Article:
Child Mind, Subconscious Mind

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Many people will tell you that your subconscious mind is like a computer – you can program it by repeating certain words and it will do exactly what you want it to do.

That is great as far as it goes, but the analogy is not quite correct. The subconscious mind is more like a very precocious 7 year old child, and treating it as such will get you farther, faster than the old computer method. To explain why, let me show you the computer method first.

A computer takes in data and does exactly what it is told. The subconscious computer model says that your subconscious works in exactly the same way, except that it has so many different programs running that they sometimes conflict. With this model, what you must do is keep saying the things you want to program it with over and over again until those programs as stronger than the old tapes you want to lose. There are specific words that work better than others, and certain types of phrasing is better.

This is all correct. The best ways to program the subconscious are to use present tense, positive language, and if you learn about NLP (Nero-Linguistic Programming) or some of the other specific methods they will explain more about what words and phrases to use.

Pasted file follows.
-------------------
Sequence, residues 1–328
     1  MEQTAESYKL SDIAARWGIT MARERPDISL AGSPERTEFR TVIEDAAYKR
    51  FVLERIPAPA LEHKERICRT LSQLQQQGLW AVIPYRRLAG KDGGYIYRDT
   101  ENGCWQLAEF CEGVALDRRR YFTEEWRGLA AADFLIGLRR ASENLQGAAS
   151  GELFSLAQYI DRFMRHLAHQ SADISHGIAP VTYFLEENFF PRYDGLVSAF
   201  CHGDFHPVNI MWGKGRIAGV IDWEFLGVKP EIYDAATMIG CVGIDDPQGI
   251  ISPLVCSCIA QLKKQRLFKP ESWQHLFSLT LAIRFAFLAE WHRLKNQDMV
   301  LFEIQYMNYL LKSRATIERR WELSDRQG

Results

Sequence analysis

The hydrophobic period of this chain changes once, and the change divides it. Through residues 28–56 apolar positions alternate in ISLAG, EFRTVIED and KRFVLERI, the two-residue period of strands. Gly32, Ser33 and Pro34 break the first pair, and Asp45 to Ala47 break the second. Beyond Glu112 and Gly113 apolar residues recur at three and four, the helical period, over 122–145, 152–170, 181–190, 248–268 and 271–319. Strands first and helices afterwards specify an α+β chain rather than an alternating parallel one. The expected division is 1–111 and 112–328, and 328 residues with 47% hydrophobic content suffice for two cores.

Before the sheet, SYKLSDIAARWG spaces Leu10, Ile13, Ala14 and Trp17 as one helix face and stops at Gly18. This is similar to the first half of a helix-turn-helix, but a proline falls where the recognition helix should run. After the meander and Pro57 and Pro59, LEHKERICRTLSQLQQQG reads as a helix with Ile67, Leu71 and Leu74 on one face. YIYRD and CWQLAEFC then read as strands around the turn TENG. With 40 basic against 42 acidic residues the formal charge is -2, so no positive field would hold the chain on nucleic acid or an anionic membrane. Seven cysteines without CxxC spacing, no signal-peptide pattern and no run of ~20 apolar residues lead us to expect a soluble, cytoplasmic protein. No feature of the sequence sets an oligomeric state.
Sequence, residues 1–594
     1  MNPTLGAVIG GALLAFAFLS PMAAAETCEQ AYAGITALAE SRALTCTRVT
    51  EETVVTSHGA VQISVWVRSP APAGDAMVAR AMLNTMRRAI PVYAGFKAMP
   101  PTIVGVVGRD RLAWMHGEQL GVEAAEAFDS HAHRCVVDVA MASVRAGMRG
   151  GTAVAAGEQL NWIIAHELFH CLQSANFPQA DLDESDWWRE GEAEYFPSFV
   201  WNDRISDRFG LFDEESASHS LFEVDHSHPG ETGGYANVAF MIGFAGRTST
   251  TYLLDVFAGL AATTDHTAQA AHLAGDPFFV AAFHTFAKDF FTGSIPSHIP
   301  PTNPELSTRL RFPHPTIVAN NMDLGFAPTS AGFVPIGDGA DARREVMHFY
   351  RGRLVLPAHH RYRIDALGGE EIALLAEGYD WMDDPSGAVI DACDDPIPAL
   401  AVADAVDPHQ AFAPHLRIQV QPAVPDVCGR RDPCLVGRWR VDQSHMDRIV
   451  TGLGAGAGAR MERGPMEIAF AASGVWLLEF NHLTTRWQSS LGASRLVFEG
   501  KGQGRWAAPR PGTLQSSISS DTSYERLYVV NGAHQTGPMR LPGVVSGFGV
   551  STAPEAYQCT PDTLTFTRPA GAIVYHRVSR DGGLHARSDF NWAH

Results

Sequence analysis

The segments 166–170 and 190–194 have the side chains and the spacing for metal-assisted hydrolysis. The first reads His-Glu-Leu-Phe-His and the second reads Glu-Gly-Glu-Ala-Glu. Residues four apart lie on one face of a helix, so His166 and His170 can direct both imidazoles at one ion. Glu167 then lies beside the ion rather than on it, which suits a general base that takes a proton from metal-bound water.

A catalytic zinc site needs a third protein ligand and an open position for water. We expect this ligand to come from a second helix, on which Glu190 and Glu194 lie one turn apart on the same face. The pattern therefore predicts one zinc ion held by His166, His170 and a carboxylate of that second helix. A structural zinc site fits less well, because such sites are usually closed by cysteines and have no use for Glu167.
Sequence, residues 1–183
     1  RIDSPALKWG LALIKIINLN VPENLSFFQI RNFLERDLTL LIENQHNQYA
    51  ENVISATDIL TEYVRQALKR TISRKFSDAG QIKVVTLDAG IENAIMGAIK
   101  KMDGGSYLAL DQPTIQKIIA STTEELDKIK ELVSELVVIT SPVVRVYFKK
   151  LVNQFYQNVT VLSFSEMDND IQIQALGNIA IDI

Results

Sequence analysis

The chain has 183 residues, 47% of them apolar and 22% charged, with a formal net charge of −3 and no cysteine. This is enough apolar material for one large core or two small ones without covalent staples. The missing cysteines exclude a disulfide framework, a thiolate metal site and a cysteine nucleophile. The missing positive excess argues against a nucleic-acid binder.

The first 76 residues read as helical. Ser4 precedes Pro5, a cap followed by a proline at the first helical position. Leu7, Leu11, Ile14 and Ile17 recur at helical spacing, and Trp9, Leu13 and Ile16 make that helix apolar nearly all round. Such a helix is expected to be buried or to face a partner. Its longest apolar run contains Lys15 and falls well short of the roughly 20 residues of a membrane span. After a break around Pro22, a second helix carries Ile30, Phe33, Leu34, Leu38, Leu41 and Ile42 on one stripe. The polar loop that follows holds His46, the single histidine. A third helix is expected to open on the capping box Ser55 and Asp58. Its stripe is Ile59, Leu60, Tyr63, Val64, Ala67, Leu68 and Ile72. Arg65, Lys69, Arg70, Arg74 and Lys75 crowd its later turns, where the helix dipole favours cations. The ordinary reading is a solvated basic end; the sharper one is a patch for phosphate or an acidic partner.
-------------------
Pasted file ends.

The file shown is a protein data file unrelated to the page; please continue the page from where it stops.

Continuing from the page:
All of those methods will tell you similar things. One of those is that the subconscious doesn’t understand negatives. I had a very hard time with this until one of my friends explained it this way: The subconscious doesn’t really work in words, it works in pictures. So if you say, “Don’t think of the Pink Elephant in the living room,” what happens? You immediately get a picture of a pink elephant in your living room, stepping on your coffee table and eating the roses you just bought.

That is fine as far as it goes, but there is a little piece missing. I know that if you tell a child, (or an adult for that matter,) “I don’t think you’re so great. You’re not somebody special. You’ll never be a great person.” That child does not hear, “I think you’re so great. You’re somebody special. You’ll be a great person.” So why doesn’t’ that work?

The missing part here is that the subconscious does work in pictures, AND it also hears emotion. A dog or cat may not understand every word you say, but they also get clues form your body language and your tone of voice. If you are loving up on your pet and crooning lovingly, “You are the ugliest pet in the whole wide world, you know that?” what your pet understands is the tone of voice and your gentle hands, not the actual words you use.

Your subconscious understands both, to some degree. That is why I suggest you think of it as a very clever 7 year old. It doesn’t necessarily catch every word, because it does think in images. Yet if you think about your memories, you can remember things in different ways. You remember smells, tone of voice, colors, feelings, textures, backgrounds, all sorts of things. This is the way your subconscious works.

This is why the gurus say that when you set a goal you should think about how it will feel to achieve it, what you will be wearing, where you will be, what you will hear, etc. The more vivid you can make the image for your subconscious, the more likely it will be to take on that programming and work to get you what you want.